Parson's remark is one of the most tragic utterances in the book, right up there with "Do it to Julia." A father's being proud of his daughter's turning him in for something he said in his sleep is a total perversion of "reality" as we known it. But it is testimony to the success of their indoctrination. It also seems to raise a fundamental question: if you can alter one of the most basic relationships between human beings, is there anything you can't change?
In Part III when Winston is sent to the Ministry of Love he is in a holding cell at first where he meets Ampleforth and to his great surprise, Parsons- the most idiotically loyal man he has ever known. When Winston questions Parson about his crime and his guilt, Parsons confesses that he must indeed be guilty. He had been denounced by his daughter for saying, "Down with Big Brother"in his sleep. He is extremely proud that his daughter had the strength and courage to denounce her father. He feels he grateful to have been caught and even more so that it was his daughter who caught him. He tells Winston,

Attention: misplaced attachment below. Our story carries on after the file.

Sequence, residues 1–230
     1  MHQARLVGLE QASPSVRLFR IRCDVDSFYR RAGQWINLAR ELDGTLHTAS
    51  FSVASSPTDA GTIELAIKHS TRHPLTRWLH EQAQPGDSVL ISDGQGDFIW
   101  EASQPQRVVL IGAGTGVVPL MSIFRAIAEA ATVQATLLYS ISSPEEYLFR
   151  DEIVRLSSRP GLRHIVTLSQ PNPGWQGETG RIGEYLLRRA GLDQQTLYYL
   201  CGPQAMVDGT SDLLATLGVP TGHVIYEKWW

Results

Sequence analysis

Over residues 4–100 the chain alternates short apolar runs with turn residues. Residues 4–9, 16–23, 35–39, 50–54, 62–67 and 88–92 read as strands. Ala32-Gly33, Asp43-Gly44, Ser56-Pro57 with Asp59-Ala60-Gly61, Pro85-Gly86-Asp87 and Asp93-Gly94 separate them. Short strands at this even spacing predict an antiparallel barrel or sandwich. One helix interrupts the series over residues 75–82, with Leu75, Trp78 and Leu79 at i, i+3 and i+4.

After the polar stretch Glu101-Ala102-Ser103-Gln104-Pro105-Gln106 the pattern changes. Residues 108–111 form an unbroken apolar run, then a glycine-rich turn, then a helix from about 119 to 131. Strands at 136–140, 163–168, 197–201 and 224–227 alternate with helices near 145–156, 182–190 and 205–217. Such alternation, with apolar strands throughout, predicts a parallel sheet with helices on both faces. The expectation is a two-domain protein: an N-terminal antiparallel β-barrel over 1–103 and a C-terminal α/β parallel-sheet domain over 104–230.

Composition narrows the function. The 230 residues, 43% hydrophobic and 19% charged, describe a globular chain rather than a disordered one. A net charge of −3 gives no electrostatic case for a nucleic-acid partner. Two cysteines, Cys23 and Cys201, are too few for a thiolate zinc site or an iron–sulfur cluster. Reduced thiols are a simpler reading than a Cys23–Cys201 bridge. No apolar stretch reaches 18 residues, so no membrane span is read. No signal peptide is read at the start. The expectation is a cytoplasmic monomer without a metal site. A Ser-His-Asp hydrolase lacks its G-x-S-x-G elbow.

"She listened at the keyhole. Heard what I was saying, and nipped off to the patrols the very next day. Pretty smart for a nipper of seven, eh? I don't bear her any grudge for it. In fact I'm proud of her. It shows I brought her up in the right spirit, anyway."
What it actually shows is that the Party has brought her up in the right spirit and this incident illustrates very well that the Party is successful in drawing all loyalty toward Big Brother and completely away from family units.
Hes proud because he believes although he unknowingly muttered itin his sleep., he has taught his daughter to believe in the "right" ways of the government he has taught her to follow big brother.